In Psalm 78, we read this about the Lord:
But then they would flatter him with their mouths, lying to him with their tongues; their hearts were not loyal to him, they were not faithful to his covenant. Yet he was merciful; he forgave their iniquities and did not destroy them. Time after time he restrained his anger and did not stir up his full wrath. He remembered that they were but flesh, a passing breeze that does not return. (vss. 36-39)
From God’s mercy flows grace and compassion, regardless of current attitudes toward him. We see this over and over again in the life of Jesus—to the woman caught in adultery; to Matthew the tax collector; to the city of Jerusalem; and to those responsible for crucifying him. He knew what we often forget, that there will come a time when God’s judgment is executed by him. And finally we see it in these words, “because he is kind to the ungrateful and wicked.” (Luke 6:35)
As much as we may desire retribution or to see a person get his “just desserts,” we are told to leave room for God’s wrath. But in the meantime, he says, “For I desire mercy, not sacrifice, and acknowledgment of God rather than burnt offerings.” (Hosea 6:6)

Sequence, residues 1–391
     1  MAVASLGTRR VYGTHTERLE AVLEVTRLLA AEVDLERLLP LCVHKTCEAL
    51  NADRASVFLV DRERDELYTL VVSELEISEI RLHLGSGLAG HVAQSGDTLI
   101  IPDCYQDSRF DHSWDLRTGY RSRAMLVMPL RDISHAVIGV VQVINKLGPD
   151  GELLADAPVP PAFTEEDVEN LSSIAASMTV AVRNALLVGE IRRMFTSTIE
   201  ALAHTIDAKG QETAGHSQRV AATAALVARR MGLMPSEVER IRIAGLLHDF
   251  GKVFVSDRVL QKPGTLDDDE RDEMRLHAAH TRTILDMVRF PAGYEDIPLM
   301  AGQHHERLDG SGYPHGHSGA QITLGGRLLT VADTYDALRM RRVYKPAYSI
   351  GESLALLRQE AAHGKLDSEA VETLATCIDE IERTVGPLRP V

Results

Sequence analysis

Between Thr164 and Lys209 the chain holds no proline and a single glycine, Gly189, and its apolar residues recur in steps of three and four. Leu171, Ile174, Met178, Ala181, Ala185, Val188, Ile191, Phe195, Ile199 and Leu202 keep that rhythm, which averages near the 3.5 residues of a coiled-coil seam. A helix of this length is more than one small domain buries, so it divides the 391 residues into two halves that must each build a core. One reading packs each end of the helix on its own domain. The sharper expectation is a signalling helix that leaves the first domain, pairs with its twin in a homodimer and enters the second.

My desire, then, not to “sully further” Ravi’s name was an act of mercy toward him and his family because it is evident from the life and teachings of Jesus that is what I am to do. If he has mercy on men like Matthew or Saul (Paul), or on the very people who are killing him, then who am I to withhold mercy just because I think a person’s behavior is so egregious or even if he is not repentant?
As I told one person recently, in the end we each have to fall on the mercy of God or we will perish. I am in just as much need of the Lord’s mercy as any murderer or sexual predator. When we are poor in spirit, we recognize that.
This is a hard mercy, because it does not come naturally. Yet, there it is in the Word and in the life of Jesus. We have no option if we want to be obedient. Mercy, however, does not imply no consequences; rather that the consequences flow from mercy rather than hate or revenge. There is a huge difference.
I know this is a difficult teaching for many, particularly for those who have been abused in some way. Our hearts cry out for retribution, not mercy. However, we have to trust Jesus is telling us and showing us the truth. Following him is hard, but is always the best way.
© Jim Musser 2021 All Scripture references are from the New International Version, 2011.